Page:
Guest Commentary | Pedestrian-stop study results troubling

Guest Commentary | Pedestrian-stop study results troubling

By DURL KRUSE

Has the time come for the Urbana and Champaign police departments to explain why so many African-American pedestrian stops occur in our community? When compared to other municipal law enforcement agencies statewide, the 2016 Illinois Pedestrian Stop Study strongly suggests so.

Pedestrian stops are a well-established law enforcement tool. Pedestrians fitting descriptions of alleged criminals or individuals displaying suspicious behavior are commonly accepted reasons for stopping pedestrians. But pedestrians can also be stopped for arbitrary reasons unrelated to any criminal behavior. Because of the lack of public data, it has been difficult to understand the nature and impact of pedestrian stops within a community.

Recognizing this deficiency, the Illinois General Assembly passed Public Act 99-352 in 2015, which mandates local law enforcement agencies collect and report data on pedestrian stops that involve "frisks, searches, summons and arrests." For standardization and comparative purposes, IPSS uses 2010 U.S. Census data to establish community demographics. The data is disaggregated by race, types of stop and outcomes of stop by percent and number.

Of particular interest are the statistics related to local African-Americans.

African-Americans compose 14.83 percent of Urbana's and 13.5 percent of Champaign's population; yet they total 58 percent of Urbana's and 42 percent of Champaign's pedestrian stops. This percentage discrepancy between population and stops might reasonably be explained by crime rates and locations of crimes. On the other hand, less justifiable reasons such as targeting, over-policing certain neighborhoods or profiling individuals based on skin color could also be partial explanations.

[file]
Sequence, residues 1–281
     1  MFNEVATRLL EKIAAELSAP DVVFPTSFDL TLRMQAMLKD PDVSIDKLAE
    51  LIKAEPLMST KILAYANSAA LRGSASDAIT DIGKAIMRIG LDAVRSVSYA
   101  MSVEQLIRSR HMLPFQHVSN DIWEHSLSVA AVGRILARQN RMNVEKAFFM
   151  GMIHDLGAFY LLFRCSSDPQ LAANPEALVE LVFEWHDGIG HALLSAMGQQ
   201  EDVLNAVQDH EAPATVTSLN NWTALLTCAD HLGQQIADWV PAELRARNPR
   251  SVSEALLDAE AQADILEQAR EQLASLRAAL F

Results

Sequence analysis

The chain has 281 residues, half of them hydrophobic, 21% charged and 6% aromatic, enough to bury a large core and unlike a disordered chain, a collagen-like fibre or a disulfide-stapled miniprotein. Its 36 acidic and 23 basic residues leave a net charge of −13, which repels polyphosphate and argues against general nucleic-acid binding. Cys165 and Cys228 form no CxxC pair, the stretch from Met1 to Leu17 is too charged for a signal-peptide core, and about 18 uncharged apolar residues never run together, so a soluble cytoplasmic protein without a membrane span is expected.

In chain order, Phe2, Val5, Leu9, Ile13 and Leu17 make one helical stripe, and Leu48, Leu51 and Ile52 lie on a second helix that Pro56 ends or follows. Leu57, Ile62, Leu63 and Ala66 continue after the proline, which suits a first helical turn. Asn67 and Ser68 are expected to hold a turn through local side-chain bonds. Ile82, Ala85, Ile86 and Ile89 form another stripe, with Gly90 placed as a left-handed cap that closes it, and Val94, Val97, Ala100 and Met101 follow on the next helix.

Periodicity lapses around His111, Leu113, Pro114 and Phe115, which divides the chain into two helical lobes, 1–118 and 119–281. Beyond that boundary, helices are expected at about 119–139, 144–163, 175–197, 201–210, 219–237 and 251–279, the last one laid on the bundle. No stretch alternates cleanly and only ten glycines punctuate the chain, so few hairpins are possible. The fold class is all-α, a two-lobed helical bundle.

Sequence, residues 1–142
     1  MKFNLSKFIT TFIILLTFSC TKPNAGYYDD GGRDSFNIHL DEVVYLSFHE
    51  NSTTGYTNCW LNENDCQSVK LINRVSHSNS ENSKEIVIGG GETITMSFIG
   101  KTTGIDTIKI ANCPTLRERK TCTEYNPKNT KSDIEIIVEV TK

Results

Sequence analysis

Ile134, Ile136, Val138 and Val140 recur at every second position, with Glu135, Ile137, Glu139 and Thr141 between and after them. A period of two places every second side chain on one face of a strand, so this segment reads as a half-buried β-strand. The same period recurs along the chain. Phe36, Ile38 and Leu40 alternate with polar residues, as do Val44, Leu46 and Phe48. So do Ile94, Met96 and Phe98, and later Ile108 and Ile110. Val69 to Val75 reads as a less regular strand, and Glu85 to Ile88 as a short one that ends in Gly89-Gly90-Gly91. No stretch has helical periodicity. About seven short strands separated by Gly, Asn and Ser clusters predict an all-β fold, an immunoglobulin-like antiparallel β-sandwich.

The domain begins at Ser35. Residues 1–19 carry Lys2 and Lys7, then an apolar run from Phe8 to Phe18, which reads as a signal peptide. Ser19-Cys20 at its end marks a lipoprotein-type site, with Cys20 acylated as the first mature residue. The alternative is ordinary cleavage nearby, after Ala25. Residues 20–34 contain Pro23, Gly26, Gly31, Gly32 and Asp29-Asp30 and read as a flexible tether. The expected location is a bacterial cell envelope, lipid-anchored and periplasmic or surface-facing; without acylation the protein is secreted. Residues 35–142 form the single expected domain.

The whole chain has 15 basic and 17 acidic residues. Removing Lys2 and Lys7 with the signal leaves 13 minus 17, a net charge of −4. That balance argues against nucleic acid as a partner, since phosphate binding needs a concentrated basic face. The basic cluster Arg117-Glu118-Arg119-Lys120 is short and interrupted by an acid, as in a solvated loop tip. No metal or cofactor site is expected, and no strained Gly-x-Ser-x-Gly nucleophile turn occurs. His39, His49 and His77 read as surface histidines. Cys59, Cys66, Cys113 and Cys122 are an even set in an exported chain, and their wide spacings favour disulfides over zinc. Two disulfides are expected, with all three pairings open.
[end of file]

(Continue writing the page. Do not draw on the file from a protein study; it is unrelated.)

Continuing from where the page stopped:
When comparing the actual number of local African-American pedestrian stops with other Illinois communities, a dramatic and disturbing picture emerges.

Excluding Chicago because of its population size, Urbana with 377 stops ranks second and Champaign with 322 stops ranks third only behind Cicero (529 stops) with the highest number of African-American stops in the state. That's correct, second and third. In 2016, only five other cities in the state reported more than 150 African-American pedestrian stops: DeKalb, Evanston, Joliet, Calument City and Oak Park.

More surprising is the fact that Peoria (129 stops), Springfield (116 stops), Decatur (51 stops), and Rockford (46 stops) had a combined total of 302 African-American pedestrian stops, 75 fewer than Urbana and 20 fewer than Champaign.

This difference is magnified when accounting for the African-American population of each community. Peoria, Springfield, Decatur and Rockford have a combined African-American population of 72,091, nearly 13.5 times greater than Urbana (5,344) and 7.8 times greater than Champaign (9,199). Together, these four cities have fewer African-American pedestrian stops than either Champaign or Urbana, even though their collective African-American population is eight to 13 times larger.

Also notable is the rate difference of stops between local Caucasian and African-American pedestrians. Caucasians are stopped at a rate of 8 and 9 per thousand in Champaign and Urbana, while African-Americans are stopped at a rate of 35 and 70 per thousand. A discrepancy of this magnitude is troubling.

Race clearly plays a role in both the number and frequency of local pedestrian stops. How are these racial differences to be explained?

Are Urbana and Champaign's social, economic and neighborhood problems so uniquely different compared to other communities that these numbers are reasonable?

Or are local police employing pedestrian stops in a tactically different way or under a different set of standards for people of color, resulting in disparities far outside the norm of almost every other municipality in Illinois?

What does the data suggest about the impartiality, fairness and equity of local law enforcement when viewed in terms of race and pedestrian stops?

The Urbana and Champaign Police Departments owe the public an explanation.

Durl Kruse is a member of Champaign Urbana Citizens for Peace and Justice.

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